noun, plural de·pos·i·tar·ies.

one to whom anything is given in trust.


Origin of depositary

1595–1605; < Late Latin dēpositārius a trustee, equivalent to Latin dēposit(us) (see deposit) + -ārius -ary Unabridged Based on the Random House Unabridged Dictionary, © Random House, Inc. 2019

Related Words for depositary

guardian, curator, trustee, depositary

Examples from the Web for depositary

Historical Examples of depositary

  • She becomes, in reality, less a discoverer than a depositary of secrets.

    The Fortunes Of Glencore

    Charles James Lever

  • She has not made you the depositary of any other confidences?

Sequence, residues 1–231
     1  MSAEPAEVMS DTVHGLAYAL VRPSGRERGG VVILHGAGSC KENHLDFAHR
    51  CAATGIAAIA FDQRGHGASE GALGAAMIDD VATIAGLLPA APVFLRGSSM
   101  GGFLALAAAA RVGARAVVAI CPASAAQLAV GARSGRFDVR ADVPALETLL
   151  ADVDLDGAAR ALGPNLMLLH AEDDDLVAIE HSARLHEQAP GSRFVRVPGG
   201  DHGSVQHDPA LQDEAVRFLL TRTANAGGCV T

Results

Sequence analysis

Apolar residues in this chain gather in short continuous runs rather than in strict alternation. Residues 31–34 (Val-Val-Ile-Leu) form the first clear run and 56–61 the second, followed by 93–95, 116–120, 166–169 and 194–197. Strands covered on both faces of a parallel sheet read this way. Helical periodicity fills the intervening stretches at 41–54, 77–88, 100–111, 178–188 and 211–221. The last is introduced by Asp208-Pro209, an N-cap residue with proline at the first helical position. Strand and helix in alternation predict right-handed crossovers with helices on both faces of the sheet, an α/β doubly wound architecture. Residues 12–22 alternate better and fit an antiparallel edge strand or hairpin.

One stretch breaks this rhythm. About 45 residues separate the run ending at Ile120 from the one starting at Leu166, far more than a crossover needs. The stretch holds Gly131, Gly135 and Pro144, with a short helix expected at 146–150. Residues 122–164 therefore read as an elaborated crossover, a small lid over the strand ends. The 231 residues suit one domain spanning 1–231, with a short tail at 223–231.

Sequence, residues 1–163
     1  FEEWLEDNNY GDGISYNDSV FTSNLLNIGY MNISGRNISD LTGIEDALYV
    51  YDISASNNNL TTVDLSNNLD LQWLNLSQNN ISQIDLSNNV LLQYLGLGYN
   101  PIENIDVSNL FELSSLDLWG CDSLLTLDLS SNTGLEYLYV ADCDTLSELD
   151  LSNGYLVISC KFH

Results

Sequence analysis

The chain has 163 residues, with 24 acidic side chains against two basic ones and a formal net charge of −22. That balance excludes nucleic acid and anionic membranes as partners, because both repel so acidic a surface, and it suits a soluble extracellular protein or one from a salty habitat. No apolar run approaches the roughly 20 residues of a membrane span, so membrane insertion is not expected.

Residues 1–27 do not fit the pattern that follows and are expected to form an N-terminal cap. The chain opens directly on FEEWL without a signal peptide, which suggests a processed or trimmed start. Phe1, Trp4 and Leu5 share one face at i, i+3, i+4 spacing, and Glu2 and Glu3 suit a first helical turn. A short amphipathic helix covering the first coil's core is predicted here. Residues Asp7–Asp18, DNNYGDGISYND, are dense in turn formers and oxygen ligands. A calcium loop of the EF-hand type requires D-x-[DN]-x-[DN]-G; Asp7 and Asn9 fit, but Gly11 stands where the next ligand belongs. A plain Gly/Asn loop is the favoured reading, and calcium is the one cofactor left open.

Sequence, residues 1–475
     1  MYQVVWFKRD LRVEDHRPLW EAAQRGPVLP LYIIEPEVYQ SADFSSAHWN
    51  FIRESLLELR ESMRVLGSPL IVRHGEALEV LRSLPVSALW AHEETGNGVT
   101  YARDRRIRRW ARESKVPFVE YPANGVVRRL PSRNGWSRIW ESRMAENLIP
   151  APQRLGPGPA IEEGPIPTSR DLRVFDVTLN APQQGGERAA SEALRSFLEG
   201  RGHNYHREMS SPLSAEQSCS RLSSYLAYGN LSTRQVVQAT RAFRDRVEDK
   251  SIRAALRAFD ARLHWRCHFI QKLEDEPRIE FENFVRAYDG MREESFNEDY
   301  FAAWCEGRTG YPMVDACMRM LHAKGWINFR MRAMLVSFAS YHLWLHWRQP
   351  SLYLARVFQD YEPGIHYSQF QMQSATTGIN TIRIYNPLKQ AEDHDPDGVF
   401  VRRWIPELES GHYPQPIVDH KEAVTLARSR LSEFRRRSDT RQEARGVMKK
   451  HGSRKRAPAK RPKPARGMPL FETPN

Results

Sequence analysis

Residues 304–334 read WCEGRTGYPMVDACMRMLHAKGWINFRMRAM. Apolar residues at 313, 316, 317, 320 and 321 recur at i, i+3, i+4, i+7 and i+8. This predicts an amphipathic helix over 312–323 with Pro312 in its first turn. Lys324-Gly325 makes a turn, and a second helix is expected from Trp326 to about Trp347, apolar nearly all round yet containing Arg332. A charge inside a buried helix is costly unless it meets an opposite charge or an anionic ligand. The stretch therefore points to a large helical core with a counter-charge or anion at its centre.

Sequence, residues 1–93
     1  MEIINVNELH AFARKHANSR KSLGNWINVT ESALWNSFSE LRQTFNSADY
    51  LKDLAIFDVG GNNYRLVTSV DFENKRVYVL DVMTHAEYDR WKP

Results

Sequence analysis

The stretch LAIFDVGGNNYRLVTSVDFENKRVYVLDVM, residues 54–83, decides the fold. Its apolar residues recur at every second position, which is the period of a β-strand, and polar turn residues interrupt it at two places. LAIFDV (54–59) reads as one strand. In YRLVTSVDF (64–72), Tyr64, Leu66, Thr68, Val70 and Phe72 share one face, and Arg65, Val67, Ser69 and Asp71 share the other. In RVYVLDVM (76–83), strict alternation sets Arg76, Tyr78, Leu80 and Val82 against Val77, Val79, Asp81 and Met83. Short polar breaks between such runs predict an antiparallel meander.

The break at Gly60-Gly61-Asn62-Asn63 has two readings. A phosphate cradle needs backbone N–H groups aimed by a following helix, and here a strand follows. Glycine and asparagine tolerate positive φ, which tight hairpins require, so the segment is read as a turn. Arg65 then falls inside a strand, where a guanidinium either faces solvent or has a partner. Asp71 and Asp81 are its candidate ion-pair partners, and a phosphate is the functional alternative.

The Memoires of Casanova, Complete

    Jacques Casanova de Seingalt

  • I became the depositary of his secrets and the mover of his counsels.

    The Pacha of Many Tales

    Frederick Marryat

  • Paul was not only the depositary of the divine counsels, but also of divine affections.

    Elijah the Tishbite

    C. (Charles) H. (Henry) Mackintosh

  • It is a secret which does not belong to me, and of which I am only the depositary.

    The Indian Scout

    Gustave Aimard

British Dictionary definitions for depositary


noun plural -taries

a person or group to whom something is entrusted for safety or preservation
a variant spelling of depository (def. 1)
Collins English Dictionary - Complete & Unabridged 2012 Digital Edition © William Collins Sons & Co. Ltd. 1979, 1986 © HarperCollins Publishers 1998, 2000, 2003, 2005, 2006, 2007, 2009, 2012